Reviewing the Sony Ericsson Xperia X10 Mini Pro has been fun, but it has brought up again a consistent annoyance of touchscreen devices.
From the Samsung Jet to the HTC Touch Pro2 and others to this petite powerhorse, the usability of touchscreen devices suffer from this thing.
If you have used a touchscreen device at some point, you should be able to identify with a situation in which you want to scroll through a contact list but the screen registers your effort as a tap. Next thing you know, you’re dialling out.
There are times that I have had to repeat the attempt a couple of times – yes, frustrating – before succeeding in scrolling to the contact or conversation or spot on a webpage that I want.
Ironically, capacitive displays are the worst culprits because of their greater sensitivity.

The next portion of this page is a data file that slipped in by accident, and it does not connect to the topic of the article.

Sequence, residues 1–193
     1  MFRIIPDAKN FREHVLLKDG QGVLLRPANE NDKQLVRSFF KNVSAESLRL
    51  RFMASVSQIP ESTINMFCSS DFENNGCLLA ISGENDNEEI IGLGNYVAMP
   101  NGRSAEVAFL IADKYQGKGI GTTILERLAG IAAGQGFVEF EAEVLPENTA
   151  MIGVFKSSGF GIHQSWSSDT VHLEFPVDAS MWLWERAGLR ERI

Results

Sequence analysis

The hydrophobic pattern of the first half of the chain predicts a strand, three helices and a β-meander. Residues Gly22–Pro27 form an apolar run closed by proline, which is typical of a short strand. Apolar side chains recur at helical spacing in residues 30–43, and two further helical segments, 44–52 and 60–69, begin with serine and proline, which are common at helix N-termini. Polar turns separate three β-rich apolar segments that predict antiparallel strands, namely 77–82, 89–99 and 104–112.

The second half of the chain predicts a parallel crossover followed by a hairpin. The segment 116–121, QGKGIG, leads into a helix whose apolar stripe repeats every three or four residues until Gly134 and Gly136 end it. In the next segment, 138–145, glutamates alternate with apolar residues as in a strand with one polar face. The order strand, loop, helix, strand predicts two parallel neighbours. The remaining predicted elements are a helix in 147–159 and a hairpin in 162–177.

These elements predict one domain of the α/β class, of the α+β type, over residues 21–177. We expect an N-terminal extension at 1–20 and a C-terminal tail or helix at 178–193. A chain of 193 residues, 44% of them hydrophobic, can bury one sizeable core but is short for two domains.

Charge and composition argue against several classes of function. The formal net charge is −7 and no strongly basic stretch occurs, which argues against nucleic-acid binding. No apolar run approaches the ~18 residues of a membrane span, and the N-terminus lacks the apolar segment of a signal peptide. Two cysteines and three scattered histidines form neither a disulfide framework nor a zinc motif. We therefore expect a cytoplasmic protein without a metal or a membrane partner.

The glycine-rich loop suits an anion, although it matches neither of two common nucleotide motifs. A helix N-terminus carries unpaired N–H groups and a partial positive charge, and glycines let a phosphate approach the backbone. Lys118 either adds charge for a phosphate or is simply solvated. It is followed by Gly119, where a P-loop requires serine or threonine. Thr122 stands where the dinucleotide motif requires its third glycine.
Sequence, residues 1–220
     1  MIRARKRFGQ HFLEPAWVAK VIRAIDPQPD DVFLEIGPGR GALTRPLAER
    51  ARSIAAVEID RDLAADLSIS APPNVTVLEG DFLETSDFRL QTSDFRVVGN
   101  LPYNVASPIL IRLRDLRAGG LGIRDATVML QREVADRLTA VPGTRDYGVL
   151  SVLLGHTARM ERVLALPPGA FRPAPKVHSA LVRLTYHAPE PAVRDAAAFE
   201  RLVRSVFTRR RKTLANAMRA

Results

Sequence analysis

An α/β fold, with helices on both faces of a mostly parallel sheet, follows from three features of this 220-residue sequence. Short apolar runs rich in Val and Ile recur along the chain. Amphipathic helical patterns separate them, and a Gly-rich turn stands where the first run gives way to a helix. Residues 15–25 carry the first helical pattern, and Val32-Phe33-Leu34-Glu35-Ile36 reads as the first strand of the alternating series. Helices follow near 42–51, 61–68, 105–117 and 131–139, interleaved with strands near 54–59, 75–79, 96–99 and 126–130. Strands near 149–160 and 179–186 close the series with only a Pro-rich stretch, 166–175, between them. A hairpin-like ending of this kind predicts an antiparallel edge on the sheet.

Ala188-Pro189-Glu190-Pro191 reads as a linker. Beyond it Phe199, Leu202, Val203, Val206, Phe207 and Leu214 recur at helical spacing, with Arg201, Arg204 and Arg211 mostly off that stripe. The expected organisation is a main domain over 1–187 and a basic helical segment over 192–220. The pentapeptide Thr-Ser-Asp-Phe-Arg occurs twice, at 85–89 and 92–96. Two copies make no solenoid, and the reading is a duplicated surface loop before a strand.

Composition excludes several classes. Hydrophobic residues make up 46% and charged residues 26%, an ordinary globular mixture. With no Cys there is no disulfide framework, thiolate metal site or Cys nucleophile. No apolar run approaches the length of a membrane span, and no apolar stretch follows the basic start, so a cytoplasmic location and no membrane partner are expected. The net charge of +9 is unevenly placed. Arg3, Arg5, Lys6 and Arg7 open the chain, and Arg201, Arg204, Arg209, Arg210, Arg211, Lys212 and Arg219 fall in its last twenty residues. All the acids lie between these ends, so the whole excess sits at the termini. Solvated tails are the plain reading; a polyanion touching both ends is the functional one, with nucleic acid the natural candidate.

This kind of hindrance to usability is one reason why I continue to prefer non-touch devices. The scenarios presented above simply NEVER happen with non-touch devices.
A good solution to this problem would be for hardware direction keys to be included on touchscreen devices. But there are those who say that would spoil the looks of those devices. Pure touchscreen slabs are just sexy, we are told.
Well, you give me a slab anyday, but please get rid of the touchscreen.
Founder of MobilityArena. Yomi’s journey in mobile started in 2001. Besides obsessing over mobile phones, he also started creating WAP sites (early mobile-friendly websites created with WML). He began writing about phones in 2004 and has been at it since then. He has owned over 200 devices, from Symbian, Palm, PocketPC/Windows Mobile, BlackBerry/BB10, webOS, Windows Phone, Firefox, Ubuntu Touch, to Android, iOS, and KaiOS operating systems.